Friday, June 5, 2020

Rediscovering my love for Advanced Dungeons & Dragons: a review of second edition

So like many, especially fellow children of the '80s/90s, my first rpg was Advanced Dungeons & Dragons Second Edition (2e). My wife also particularly likes these rules, as she has put many hours into the Baldur's Gate series. Recently, I rediscovered about how awesome the rules are even in comparison to the current gold standard of OSR rules - B/X (basic/expert) Rules Cyclopedia D&D. One reason too was acquiring from half-price books a printed 2e player's handbook (I apparently lost/sold my original childhood one).

Having re-read the book and thought about the rules, some advantages of second edition over other D&D (even B/X!) and in some regards (proficiencies, fighter rules, spells) first edition:

  • Ability score bonuses are pretty small (+1/+2 at like 18) and start at higher scores (16+ usually), which means that they are overall less important to the game than in B/X. A character does not suck in comparison to his friends and the NPCs simply because his fighter only has 11 STR compared to 16 or something, because he's only missing out on a small bonus. And the way scores are generated, 4d6 drop lowest 1 die, increases the likelihood that the PC will have one great score to feel important. Other stuff the ability scores do is simply provide a guide to the character's basic abilities, like how many languages known or their max bench press. This allows them to be used as a guide for in-game decision making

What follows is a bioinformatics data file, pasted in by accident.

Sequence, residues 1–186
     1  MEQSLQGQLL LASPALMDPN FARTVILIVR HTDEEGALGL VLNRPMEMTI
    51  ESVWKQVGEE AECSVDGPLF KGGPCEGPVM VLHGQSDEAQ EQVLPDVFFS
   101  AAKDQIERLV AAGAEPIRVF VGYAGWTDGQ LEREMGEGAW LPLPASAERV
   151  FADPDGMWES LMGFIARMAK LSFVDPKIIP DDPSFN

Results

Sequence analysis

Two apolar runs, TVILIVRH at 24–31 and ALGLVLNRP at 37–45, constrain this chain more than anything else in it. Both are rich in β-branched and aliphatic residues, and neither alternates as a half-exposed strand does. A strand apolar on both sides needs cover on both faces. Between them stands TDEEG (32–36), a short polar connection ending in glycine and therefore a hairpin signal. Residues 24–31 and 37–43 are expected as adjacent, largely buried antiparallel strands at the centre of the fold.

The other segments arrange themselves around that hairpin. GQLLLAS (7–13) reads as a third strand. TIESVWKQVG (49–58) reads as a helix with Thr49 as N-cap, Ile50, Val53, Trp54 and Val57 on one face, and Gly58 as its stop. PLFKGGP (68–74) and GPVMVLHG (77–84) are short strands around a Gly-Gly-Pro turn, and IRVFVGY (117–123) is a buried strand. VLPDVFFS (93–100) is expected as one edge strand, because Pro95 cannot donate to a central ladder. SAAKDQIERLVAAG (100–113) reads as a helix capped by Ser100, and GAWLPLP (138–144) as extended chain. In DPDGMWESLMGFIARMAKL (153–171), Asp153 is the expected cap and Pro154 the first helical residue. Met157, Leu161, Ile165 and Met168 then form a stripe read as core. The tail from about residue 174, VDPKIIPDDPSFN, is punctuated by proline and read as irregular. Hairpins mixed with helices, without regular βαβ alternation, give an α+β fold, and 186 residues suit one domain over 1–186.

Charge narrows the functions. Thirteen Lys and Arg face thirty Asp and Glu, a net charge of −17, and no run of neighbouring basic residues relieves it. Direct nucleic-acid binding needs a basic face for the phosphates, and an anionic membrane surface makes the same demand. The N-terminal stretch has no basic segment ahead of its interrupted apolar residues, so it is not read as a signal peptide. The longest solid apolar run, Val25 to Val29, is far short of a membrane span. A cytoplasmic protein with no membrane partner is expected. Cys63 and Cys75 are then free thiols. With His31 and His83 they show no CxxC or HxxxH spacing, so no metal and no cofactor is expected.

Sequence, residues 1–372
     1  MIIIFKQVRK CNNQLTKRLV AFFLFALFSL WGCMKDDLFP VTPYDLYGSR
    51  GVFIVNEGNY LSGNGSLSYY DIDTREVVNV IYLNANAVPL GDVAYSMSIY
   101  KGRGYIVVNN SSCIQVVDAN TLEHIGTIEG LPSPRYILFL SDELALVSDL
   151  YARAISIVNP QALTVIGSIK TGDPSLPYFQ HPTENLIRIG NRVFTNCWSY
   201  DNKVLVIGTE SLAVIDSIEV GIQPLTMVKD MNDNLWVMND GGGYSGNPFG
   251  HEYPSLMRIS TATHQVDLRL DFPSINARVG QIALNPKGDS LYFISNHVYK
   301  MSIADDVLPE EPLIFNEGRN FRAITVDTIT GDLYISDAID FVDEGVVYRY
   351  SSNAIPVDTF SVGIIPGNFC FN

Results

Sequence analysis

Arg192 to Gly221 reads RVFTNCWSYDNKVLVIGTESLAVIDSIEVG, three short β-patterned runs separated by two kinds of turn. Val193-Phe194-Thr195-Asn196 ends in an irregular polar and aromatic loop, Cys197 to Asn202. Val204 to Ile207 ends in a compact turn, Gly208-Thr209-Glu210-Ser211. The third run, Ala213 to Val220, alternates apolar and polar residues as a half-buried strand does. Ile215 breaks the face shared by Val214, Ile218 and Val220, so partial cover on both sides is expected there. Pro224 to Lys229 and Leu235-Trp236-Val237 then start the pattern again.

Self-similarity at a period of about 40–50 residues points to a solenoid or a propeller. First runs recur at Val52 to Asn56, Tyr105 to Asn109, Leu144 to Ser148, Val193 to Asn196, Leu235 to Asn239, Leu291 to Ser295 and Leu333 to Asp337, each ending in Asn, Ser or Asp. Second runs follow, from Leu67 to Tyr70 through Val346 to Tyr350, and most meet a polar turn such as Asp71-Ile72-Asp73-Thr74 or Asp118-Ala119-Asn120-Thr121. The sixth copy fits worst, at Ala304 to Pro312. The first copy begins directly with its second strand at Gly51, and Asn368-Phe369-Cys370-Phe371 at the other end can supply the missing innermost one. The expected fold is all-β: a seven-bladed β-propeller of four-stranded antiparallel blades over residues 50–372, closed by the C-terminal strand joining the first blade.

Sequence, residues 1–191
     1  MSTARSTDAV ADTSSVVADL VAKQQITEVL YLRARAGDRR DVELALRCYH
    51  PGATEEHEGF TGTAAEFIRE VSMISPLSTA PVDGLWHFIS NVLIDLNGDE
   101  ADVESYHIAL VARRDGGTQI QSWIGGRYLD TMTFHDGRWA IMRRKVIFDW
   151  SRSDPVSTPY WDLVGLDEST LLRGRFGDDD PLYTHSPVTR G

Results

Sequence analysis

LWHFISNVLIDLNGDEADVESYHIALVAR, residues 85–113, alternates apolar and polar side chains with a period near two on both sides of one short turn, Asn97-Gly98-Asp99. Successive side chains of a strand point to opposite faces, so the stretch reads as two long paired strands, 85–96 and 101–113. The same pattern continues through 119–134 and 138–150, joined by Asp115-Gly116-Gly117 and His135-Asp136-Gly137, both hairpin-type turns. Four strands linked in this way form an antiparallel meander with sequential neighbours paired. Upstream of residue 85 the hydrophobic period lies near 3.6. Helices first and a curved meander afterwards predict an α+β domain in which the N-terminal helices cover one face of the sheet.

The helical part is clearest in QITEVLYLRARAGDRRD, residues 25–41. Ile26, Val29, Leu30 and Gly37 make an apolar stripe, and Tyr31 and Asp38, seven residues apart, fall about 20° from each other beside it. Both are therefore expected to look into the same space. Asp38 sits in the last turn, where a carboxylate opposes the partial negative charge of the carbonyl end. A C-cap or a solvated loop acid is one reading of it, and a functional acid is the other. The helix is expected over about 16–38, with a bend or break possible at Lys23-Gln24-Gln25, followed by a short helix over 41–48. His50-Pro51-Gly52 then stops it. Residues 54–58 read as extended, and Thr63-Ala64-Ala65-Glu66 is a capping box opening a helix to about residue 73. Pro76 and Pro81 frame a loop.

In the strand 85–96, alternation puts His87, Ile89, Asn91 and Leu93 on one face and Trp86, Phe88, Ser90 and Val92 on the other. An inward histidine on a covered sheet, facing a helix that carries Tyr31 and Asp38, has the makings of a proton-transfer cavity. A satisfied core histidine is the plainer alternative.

• The class abilities are well-done. I especially like the fighters in this edition. The full impact of the rule is somewhat buried, but basically fighters are the only class that can specialize in weapons and doing so gives 2 attacks every other round starting at 1st level! This is an awesome ability that really makes the Fighter shine (everyone likes multiple rolls!) and is also simple and straightforward. No counting HD of enemies or something. This ability being denied to Paladins and Rangers also makes Fighters actually more important, which I like as I think the latter classes should be available.
  • Class requirements, in both ability scores and race. This helps keep things thematic and balanced. Also, the classes being organized into groups of Warrior/Priest/Wizard/Rogue helps if you want to make custom classes that still fit in the mold without breaking the game, and keeps similar classes together in terms of HP. This level of rationalization of the rules helps.
  • There's lots of options for weapons, armor, and spells, which are the meat of any game. Weapons come in all varieties, they list initiative modifiers (but this is an optional rule!), you can turn on/off weapon type v. armor type, etc. All the spells list their "School" or "Sphere" for wizards and priests respectively, so you can easily create custom lists to fit your setting.
  • Spells are not under-powered at low levels. A specialist wizard gains a few more and then the spells no longer do paltry damage amounts. Instead, its reasonable. Also, it takes soooo many level of wizard to get the truly great, gamebreaking spells, so this isn't such a game breaker.